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DoS-resistant Internet - progress. Bob Briscoe Jun 2005. BT activity. Research 2020 Communications Architecture project DoS-resistant Internet Architecture task Network Security project BGP security control plane separation intrusion detection systems Engineering Network design

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Dos resistant internet progress

DoS-resistant Internet- progress

Bob Briscoe

Jun 2005

Bt activity
BT activity

  • Research

    • 2020 Communications Architecture project

      • DoS-resistant Internet Architecture task

    • Network Security project

      • BGP security

      • control plane separation

      • intrusion detection systems

  • Engineering

    • Network design

    • Second line support for operations

  • Operations

    • Deployment and operation of attack mitigation technology

Dos resistant internet architecture bt 0506 deliverables

CRN DoS-resistant Internet w-g task

Registry ofattacks


Registry ofdefences



DoS resistant Internet architectureBT 0506 deliverables


M4.1 Industry co-ordination

BT DoS-resistant Internet Architecture task

D1.1 Taxonomyof attacks

M2.1 Focused literature study

M4.2 BT co-ordination

D1.2 Taxonomyof defences

M2.2? [Place-holder]: Testingarchitectural uncertainties

D3.x [Place-holder]: Newarchitectural ideas

D2.1 Agenda for arch change

D2.1.1? [Placeholder]: System demonstrator

D2.2 Roadmapping strategic options

Dos resistant internet architecture
DoS-resistant Internet Architecture

  • approach

    • cherry pick the ideas of others

    • sprinkle in a few ideas of our own

    • stress-test

    • propose a target architecture of complementary solutions

    • describe incremental deployment

Architectural component ideas candidate list
architectural component ideascandidate list

  • Symmetric paths, address separation, RPF checks, state set-up bit, nonce exchange, middlewalls

    • M Handley and A Greenhalgh “Steps towards a DoS-resistant Internet architecture” FDNA (2004)

  • Secure Internet Indirection Infrastructure

    • D Adkins et al “Towards a More Functional and Secure Network Infrastructure” UC Berkeley TR-CSD-03-1242 (2003)

  • Re-feedback

    • B Briscoe et al “Policing Congestion Response in an Internetwork using Re-feedback” SIGCOMM (2005)

  • Receiver-driven Capabilities

    • X Yang et al, “DoS-limiting Internet architecture” SIGCOMM (2005)

  • tactical approaches

    • ingress filtering, filter pushback…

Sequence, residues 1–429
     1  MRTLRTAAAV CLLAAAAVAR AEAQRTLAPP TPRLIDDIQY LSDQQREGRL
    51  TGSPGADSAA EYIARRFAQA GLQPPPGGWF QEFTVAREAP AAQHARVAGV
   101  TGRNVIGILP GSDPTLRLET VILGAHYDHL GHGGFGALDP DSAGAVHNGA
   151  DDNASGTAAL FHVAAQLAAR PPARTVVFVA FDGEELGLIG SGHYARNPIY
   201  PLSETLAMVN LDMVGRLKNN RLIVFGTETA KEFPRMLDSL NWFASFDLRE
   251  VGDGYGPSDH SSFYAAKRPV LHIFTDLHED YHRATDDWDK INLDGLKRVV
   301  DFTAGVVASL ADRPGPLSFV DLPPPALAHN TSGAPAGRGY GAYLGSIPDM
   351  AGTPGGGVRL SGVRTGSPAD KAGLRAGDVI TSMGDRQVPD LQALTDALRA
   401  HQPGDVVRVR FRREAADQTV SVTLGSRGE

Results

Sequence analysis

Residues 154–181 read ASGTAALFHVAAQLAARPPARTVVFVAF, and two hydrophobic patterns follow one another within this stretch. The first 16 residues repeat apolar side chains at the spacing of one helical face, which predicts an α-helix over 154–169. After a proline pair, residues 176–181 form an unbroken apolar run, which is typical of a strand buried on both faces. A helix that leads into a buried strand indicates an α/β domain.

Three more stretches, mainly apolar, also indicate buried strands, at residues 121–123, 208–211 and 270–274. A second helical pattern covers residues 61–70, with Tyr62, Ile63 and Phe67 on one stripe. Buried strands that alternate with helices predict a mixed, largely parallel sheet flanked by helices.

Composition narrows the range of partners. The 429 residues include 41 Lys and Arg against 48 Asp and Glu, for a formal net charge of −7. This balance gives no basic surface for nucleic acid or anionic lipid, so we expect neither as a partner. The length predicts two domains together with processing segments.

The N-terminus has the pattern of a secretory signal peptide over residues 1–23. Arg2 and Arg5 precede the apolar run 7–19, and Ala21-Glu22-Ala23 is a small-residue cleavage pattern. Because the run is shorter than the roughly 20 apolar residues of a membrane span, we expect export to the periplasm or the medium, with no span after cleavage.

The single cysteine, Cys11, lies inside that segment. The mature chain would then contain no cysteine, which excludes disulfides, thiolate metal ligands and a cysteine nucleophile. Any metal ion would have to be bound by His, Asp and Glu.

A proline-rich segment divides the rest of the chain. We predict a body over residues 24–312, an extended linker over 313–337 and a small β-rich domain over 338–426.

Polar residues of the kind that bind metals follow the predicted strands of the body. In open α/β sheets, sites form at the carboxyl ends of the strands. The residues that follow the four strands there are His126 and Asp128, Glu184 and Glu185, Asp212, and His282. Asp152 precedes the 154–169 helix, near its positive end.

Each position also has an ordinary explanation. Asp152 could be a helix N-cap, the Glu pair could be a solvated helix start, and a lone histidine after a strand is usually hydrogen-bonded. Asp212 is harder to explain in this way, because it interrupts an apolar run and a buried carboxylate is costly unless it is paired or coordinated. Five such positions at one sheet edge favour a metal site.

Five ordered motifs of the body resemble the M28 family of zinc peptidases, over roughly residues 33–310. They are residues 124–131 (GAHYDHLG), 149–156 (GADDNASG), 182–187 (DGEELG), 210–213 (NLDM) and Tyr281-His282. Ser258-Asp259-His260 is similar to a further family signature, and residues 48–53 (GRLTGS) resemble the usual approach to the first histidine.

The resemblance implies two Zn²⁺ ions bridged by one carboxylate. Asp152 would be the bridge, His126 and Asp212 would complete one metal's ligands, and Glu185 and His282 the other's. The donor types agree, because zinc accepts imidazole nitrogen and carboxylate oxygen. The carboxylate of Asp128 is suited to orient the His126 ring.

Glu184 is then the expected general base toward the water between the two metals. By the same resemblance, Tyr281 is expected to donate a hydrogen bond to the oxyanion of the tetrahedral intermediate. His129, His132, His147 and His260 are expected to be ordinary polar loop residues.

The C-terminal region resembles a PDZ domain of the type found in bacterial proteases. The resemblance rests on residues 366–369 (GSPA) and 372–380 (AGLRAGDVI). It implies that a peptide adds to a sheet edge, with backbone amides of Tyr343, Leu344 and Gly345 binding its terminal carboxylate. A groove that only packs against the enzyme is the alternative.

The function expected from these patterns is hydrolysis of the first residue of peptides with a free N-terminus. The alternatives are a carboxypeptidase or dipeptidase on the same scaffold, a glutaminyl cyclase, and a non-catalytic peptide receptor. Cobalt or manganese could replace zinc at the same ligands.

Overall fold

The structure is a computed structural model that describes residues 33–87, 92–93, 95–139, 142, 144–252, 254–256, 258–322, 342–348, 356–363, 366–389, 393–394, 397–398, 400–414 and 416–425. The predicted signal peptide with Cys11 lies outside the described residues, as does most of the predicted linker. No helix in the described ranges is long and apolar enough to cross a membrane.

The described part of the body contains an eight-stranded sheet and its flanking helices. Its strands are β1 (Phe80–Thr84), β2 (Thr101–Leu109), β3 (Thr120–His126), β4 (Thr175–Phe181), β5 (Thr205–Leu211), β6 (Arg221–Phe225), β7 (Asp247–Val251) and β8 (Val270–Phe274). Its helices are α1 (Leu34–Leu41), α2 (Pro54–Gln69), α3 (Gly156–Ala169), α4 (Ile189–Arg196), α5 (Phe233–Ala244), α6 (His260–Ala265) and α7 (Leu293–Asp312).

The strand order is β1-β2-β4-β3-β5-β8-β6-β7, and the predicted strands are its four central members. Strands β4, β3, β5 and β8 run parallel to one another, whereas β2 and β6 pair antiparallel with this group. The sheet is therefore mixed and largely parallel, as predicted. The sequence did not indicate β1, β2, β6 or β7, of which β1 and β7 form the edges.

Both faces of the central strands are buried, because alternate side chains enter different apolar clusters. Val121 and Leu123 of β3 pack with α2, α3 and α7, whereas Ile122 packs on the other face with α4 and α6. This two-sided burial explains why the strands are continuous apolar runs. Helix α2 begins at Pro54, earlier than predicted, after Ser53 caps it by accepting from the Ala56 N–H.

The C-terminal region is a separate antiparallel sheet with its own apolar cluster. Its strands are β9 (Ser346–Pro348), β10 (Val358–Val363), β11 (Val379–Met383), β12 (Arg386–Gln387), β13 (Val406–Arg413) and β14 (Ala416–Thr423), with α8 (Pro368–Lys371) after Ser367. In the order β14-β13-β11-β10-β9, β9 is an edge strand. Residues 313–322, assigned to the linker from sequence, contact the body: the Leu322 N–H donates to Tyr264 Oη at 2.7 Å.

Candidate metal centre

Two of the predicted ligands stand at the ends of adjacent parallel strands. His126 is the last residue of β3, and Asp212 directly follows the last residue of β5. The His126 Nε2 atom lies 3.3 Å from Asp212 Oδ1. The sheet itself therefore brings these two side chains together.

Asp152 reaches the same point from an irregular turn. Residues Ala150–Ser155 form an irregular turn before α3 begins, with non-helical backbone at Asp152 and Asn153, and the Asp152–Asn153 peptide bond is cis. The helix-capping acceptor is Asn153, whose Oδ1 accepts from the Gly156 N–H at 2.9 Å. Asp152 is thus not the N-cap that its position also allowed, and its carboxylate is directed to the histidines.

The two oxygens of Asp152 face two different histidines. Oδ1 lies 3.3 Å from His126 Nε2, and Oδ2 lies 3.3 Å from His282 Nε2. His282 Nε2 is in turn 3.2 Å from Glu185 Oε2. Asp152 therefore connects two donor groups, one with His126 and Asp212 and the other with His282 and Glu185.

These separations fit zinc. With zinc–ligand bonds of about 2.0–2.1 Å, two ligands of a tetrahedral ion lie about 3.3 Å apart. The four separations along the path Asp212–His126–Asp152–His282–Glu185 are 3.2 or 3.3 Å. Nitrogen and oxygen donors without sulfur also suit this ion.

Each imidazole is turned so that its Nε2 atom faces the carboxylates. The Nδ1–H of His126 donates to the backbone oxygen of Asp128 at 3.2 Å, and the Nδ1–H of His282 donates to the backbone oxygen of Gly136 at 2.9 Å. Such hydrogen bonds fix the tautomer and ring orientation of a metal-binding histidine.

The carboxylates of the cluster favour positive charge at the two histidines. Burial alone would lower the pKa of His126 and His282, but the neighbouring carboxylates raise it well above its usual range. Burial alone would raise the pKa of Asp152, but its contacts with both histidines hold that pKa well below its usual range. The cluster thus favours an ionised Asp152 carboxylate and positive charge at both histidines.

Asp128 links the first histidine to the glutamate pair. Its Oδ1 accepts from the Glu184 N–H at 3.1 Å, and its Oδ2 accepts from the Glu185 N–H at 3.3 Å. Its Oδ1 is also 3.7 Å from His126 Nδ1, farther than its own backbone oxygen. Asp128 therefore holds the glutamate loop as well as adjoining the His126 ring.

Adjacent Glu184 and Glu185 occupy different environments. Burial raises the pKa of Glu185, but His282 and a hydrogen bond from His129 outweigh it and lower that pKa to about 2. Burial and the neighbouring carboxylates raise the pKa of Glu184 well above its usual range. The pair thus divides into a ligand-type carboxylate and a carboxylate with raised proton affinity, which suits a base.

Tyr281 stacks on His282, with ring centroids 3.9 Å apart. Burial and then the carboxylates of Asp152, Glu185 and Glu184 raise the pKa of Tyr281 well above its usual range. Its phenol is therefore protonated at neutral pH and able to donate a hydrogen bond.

• Symmetric paths
    symmetric paths

    • powerful approach

    • loss of Internet flexibility acknowledged

    • extended to preserve data in flight during reroutes

    • stress-testing with authors

      • big question: would it significantly reduce worm attacks?







    Secure internet indirection infrastructure secure i 3
    Secure Internet Indirection Infrastructure Secure i3

    • rough analogy: receiver-driven multicast

      • receiver creates channel (trigger) in infrastructure

      • senders send to channel

  • unlike IP multicast, overlay infrastructure (Chord)

    • highly redundant

  • essentially, allow more, less efficient routes

    • choice of routes under receiver control

    • if some routes used for attack, drop them

    • efficient route could be norm, then less efficient routes when under attack

  • inherent weakness for servers: must advertise triggers

    • so attackers on dropped triggers just re-start

    • authors offer some mitigation

  • Re feedback incentive architecture






    re-feedback incentive architecture

    downstreampathcongest-ion, ρi



    bulk congestion charging

    bulk congestion pricing






    traffic eng

    congestion control

    Receiver driven capabilities
    receiver-driven capabilities

    • yet to fully analyse (only just published)

    • sent traffic picks up time-bounded tags

      • tags from each network (router)

      • and byte permission from destination

      • collectively termed a capability

    • routers store tags

    • subsequent traffic authorised using capability

    • detail devils

      • bootstrapping

      • bounded router state

      • incremental deployment

    Grand strategy some questions
    Grand Strategy: some questions

    • if upstream network doesn’t filter/throttle

      • once attackers identified, what do we do?

        • continue to add more and more filters at borders?

        • disconnect their network?

        • throttle their network?

        • sue them (under what law – tort, criminal)?

    • can the network help identify persistent attackers?

      • unenforceable due to numerous weak legal systems?

      • pair-wise network agreements, or source identification?

  • inter-domain charging

    • congestion-based

      • would it slowly mitigate persistent attacks?

    • filter-based

      • would it encourage push-back?

  • incremental deployment

    • new, clean Internet?

    • gradually clean up the one we’ve got

  • In summary
    in summary

    • multiple answers, defence in depth

      • pair-wise network agreements AND source identification

  • complementary approaches

    • identify attackers (networks) by address

    • routers filter traffic from identified attacks/attackers

    • inter-domain charge to congestion-causing networks

    • police congestion-causing traffic

  • More info
    more info

    • Bob Briscoe